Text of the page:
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Epilepsia. 2012 May;53(5):897-907. doi: 10.1111/j.1528-1167.2012.03460.x. Epub 2012 Apr 17.

Statistical parametric mapping reveals regional alterations in cannabinoid CB1 receptor distribution and G-protein activation in the 3D reconstructed epileptic rat brain.

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Department of Anatomy & Neurobiology, Virginia Commonwealth University, Richmond, VA, U.S.A.



  The endocannabinoid system is known to modulate seizure activity in several in vivo and in vitro models, and CB(1) -receptor activation is anticonvulsant in the rat pilocarpine model of acquired epilepsy (AE). In these epileptic rats, a unique redistribution of the CB(1) receptor occurs within the hippocampus; however, an anatomically inclusive analysis of the effect of status epilepticus (SE)-induced AE on CB(1) receptors has not been thoroughly evaluated. Therefore, statistical parametric mapping (SPM), a whole-brain unbiased approach, was used to study the long-term effect of pilocarpine-induced SE on CB(1) -receptor binding and G-protein activation in rats with AE.


  Serial coronal sections from control and epileptic rats were cut at equal intervals throughout the neuraxis and processed for [(3) H]WIN55,212-2 (WIN) autoradiography, WIN-stimulated [(35) S]GTPγS autoradiography, and CB(1) -receptor immunohistochemistry (IHC). The autoradiographic techniques were evaluated with both region of interest (ROI) and SPM analyses.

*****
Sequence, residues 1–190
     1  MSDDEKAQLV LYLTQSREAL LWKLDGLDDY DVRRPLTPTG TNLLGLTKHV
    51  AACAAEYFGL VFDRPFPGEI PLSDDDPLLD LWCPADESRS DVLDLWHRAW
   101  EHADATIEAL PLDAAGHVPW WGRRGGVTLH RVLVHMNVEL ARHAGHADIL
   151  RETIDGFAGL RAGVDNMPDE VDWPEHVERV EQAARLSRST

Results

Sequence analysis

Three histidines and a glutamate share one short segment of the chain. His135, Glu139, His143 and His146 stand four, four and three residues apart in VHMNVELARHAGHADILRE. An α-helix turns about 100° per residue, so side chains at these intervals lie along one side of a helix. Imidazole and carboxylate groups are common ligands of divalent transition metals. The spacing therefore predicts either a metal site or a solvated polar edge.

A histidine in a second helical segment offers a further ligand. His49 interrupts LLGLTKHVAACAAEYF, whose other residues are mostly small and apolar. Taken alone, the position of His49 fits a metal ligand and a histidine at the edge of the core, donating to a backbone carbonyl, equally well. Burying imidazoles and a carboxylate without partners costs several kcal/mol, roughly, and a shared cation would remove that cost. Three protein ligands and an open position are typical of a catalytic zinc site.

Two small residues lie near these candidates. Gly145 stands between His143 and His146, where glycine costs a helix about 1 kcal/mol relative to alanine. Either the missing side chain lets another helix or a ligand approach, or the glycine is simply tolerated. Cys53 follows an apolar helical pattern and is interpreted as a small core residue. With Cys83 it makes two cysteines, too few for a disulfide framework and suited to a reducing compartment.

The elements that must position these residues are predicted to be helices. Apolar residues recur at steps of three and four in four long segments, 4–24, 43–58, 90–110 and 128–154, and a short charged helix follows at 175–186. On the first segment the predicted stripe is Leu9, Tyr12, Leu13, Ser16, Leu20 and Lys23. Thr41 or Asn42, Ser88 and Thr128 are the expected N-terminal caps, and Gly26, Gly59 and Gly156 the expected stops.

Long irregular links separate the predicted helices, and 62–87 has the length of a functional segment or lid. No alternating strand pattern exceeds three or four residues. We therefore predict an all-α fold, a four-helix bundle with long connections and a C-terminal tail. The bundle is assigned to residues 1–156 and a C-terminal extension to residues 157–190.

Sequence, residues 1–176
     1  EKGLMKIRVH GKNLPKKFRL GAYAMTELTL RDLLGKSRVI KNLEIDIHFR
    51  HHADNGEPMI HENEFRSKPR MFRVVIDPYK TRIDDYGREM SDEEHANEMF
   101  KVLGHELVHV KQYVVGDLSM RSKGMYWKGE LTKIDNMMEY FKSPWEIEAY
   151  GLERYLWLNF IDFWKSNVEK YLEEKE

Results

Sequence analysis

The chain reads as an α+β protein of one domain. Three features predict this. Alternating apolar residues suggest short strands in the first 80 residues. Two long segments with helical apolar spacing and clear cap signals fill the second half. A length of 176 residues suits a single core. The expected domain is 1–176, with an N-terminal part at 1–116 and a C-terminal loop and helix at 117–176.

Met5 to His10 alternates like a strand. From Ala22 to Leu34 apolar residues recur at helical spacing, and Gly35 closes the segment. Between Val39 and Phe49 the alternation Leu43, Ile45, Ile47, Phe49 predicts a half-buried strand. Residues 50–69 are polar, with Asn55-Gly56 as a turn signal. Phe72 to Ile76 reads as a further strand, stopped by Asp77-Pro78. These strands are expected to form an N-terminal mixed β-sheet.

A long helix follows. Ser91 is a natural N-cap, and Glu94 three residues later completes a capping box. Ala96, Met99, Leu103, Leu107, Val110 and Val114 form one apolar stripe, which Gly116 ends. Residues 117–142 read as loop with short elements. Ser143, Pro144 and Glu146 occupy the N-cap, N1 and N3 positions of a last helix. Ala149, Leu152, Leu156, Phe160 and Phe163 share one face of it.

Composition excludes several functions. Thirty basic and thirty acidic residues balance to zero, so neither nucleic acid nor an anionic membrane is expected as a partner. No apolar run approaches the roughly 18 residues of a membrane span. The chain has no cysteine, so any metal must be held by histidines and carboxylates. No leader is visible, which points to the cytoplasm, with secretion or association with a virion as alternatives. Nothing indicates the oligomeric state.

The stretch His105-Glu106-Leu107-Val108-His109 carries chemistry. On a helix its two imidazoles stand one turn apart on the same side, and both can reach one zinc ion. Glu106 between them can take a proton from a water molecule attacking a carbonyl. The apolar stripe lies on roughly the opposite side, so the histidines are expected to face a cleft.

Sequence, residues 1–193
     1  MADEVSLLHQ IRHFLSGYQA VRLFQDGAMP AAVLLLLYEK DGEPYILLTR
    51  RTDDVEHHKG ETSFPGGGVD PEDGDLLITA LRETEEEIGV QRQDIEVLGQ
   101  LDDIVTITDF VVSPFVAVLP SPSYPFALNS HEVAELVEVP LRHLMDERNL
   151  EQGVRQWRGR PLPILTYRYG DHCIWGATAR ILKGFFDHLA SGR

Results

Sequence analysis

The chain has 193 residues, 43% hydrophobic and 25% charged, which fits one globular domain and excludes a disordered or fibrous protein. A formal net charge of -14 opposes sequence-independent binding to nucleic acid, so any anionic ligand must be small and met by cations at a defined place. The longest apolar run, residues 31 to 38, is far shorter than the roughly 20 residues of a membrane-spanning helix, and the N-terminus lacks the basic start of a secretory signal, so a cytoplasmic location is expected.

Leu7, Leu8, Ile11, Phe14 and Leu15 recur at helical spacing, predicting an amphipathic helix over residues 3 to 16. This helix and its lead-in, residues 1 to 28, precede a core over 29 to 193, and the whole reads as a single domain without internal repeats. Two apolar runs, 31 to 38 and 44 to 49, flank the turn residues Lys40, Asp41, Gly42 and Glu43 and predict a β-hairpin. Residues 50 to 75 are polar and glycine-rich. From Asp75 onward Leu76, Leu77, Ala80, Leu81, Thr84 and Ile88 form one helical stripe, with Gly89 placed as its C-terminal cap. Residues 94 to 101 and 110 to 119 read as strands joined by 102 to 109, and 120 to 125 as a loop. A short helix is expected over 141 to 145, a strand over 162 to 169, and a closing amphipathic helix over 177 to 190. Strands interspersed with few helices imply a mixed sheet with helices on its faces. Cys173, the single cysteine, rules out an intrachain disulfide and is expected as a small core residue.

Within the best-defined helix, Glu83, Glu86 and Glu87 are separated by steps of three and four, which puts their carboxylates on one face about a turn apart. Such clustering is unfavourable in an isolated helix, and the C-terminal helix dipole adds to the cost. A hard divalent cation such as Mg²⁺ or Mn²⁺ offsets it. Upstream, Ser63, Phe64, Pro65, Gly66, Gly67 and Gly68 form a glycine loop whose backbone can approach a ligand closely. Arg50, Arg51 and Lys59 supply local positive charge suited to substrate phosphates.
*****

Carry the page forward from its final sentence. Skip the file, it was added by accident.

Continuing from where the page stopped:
In rats with AE, regionally specific increases in CB(1) -receptor binding and activity were detected in cortex, discrete thalamic nuclei, and other regions including caudate-putamen and septum, and confirmed by IHC. However, CB(1) receptors were unaltered in several brain regions, including substantia nigra and cerebellum, and did not exhibit regional decreases in rats with AE.


  This study provides the first comprehensive evaluation of the regional distribution of changes in CB(1) -receptor expression, binding, and G-protein activation in the rat pilocarpine model of AE. These regions may ultimately serve as targets for cannabinomimetic compounds or manipulation of the endocannabinoid system in epileptic brain.

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